A good tune echoes in the mind. That is why, perhaps, governments the world over try to reinforce their ideologies by finding the “right” words for the tune.
One day in August last year, tourists sipping Coca Cola and eating curd at Bhaktapur’s Nyatapola Cafe found a new target for their telephoto lenses. At the base of the famous Nyatapola temple, singers and dancers were taking part in a cultural programme. But this was not just another performance of the Peacock Dance. The tourists were incidental spectators of a show targeted at the Bhaktapur citizen. The songs were about poverty, inequality and development and the show — which was performed in several other places — was presented by Rastriya Janasanskrhik Manch Nepal (National People’s Cultural Forum Nepal) which is the cultural wing of the UML, the main opposition party in Nepal.
Music with political messages has long been a tradition in Nepal. The various leftist parties have cultural units of their own, which began operating during Panchayat times. Many composers, song writers, singers and musicians have supported one or the other ideology by putting their artistic capabilities to political use. Among renowned musical artistes of this brand, we find Dharma Raj Thapa, whose early songs were said to be overtly political; the late comrade Gokul Joshi who travelled widely in Nepal’s villages; the group Ralpha and the many groups subsequently set up by its founding members—Bedana Pariwar, Sankalpa Pariwar, Aasthaa Pariwar, Indreni Sanskritik Samaj.
Like the banners carried at political procession, some political songs are simple and propagandistic, and are sung to simple melodies that are easy to remember. Apparently, such songs were produced on the direct request of party leaders, who probably thought music an effective tool for propaganda. Other artistes preferred to elaborate their songs. Though they carry a political message, some couched it in metaphor. Allusions to a high-altitude landscape, tormented by landslides etc, for example, presented no problem for those used to reading between the lines.
These political, or progressive, songs were, of course, not broadcast by Radio Nepal during Panchayat times, nor have they been taken up after the 1990 movement. Nepal TV, on the other hand, seems bent on more independent programming and has featured progressive songs in its musical programmes. Radio Nepal has now relegated many patriotic songs, and even some folk songs, to its store rooms; they are not broadcast anymore as they were too explicit in praise of the Panchayat system.
Musical political propaganda certainly did not begin in the Panchayat times, however. For instance, the songs of the Gaine minstrels could be overtly political, commenting upon political events in a way that makes one suspect that the words had been provided by some political actor rather than by the minstrel himself.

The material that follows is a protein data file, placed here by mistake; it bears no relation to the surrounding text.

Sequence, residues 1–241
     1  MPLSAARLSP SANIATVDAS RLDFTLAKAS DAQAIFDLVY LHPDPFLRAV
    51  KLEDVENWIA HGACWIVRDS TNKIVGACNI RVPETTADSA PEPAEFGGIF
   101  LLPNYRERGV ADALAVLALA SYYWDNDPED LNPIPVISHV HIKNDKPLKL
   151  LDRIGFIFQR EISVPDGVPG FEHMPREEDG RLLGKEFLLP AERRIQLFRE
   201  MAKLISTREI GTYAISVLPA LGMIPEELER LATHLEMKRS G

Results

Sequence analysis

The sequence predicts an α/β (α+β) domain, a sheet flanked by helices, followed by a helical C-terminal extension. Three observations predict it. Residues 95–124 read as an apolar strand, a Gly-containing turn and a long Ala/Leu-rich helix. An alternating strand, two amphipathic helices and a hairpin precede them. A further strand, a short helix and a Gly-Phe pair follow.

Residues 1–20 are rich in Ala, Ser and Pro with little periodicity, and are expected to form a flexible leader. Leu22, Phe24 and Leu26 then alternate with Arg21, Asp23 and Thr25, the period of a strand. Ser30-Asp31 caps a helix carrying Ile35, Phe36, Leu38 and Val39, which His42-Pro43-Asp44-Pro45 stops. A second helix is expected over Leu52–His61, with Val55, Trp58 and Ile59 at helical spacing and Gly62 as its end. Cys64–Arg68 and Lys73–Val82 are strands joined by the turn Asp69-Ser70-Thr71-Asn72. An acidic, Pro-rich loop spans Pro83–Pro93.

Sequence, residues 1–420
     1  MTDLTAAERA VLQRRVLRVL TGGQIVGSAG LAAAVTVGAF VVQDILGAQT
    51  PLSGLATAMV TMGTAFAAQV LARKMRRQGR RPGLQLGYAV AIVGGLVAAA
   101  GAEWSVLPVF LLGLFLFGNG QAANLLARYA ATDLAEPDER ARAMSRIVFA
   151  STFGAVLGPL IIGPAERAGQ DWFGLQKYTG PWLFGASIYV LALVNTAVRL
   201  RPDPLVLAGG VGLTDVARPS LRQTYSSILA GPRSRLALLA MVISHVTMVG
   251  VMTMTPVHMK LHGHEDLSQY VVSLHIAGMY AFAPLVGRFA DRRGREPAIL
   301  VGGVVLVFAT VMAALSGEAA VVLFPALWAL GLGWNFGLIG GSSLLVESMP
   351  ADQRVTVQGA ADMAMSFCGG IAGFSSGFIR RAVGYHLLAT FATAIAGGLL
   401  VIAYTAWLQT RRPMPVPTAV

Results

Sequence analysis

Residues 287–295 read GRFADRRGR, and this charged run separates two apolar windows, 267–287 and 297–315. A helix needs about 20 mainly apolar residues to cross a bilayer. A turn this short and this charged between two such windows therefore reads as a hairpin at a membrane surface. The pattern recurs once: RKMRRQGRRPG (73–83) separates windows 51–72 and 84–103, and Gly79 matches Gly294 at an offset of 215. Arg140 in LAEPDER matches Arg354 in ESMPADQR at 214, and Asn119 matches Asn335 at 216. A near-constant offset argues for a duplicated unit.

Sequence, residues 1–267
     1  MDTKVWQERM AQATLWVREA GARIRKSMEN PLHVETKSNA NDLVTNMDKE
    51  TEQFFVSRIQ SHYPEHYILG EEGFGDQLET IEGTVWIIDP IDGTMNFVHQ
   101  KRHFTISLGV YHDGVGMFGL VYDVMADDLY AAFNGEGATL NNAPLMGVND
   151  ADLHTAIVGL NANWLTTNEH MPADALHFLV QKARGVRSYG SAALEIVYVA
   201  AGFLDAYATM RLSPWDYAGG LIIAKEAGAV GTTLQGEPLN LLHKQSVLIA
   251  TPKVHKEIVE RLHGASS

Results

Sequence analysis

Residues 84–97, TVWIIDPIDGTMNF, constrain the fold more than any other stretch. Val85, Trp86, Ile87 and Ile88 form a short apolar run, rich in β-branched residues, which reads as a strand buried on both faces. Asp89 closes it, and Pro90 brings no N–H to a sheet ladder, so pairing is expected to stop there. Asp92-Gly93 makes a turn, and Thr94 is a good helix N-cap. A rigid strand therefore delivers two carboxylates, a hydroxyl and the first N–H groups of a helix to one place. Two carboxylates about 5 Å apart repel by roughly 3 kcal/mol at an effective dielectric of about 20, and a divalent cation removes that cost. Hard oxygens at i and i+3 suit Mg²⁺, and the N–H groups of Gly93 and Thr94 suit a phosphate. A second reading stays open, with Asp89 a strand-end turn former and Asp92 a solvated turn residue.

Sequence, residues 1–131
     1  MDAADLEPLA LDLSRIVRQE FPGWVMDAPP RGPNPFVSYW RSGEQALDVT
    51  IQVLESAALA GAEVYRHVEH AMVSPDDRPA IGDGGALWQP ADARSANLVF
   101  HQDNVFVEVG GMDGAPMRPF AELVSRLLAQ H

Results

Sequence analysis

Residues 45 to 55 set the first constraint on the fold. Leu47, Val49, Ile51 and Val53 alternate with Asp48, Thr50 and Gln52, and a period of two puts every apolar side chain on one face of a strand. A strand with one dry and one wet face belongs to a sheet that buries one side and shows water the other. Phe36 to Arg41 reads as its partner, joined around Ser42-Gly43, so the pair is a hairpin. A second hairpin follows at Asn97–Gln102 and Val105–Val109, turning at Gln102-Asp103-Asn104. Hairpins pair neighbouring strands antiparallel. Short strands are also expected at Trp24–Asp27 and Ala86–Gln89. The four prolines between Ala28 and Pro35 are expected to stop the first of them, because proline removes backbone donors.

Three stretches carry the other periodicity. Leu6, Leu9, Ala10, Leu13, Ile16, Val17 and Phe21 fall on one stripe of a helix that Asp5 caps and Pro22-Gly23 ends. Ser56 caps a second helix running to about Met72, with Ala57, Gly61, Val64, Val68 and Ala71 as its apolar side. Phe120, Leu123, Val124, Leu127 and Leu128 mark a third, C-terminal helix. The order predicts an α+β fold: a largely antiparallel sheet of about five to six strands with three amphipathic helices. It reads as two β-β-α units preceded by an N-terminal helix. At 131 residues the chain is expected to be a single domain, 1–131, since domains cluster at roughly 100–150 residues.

But the political use of music goes beyond propagandistic songs. The love songs making up the bulk of Radio Nepal broadcasts during Panchayat times were hardly political, but probably that was exactly the point. Artistes with political inclinations either had to keep them out of their songs, or sing them outside the government-supported institutions. This was a hard decision, for most of the musical opportunities in Panchayat Nepal were tied to such institutions.
The rich and diverse musical lives of the Malla kingdoms was one way of making clear to their subjects what a glorious society they were living in. In these kingdoms — extrapolating from today’s organisation of Newar musical activities — musical tasks were distributed according to caste and locality, and festivals showed that, despite all the differentiation, society was still an integrated whole. This was one way of telling the subjects how to interpret their society, and to show them their own particular place in it. Similarly, the Rana import of famous classical musicians from India was a way of demonstrating to both their subjects and visitors from abroad that they were indeed maharajahs, part of the subcontinental brotherhood of illustrious princes, and that national borders merely delineated the boundaries of taxation and not of culture.
The Ranas chose a music well suited to their ends. Classical music is equally pan-Subcontinental and has very little to say about ethnic or national cultural differences. With the downfall of the Ranas, objectives were reversed entirely, and cultural differences came to the fore. Post-Rana Nepal has established and supported a large number of institutions that promote music. The policies governing these institutions such as the National Communication Service Plan of 1971 overtly stress national unity, prestige and dignity. All together, these institutions, which together may be thought of as a national stage for music, have promoted Nepali musical artistes and created new musical genres, above all the (modernised) folk-song and the modern song, while classical music has become relegated to obscurity.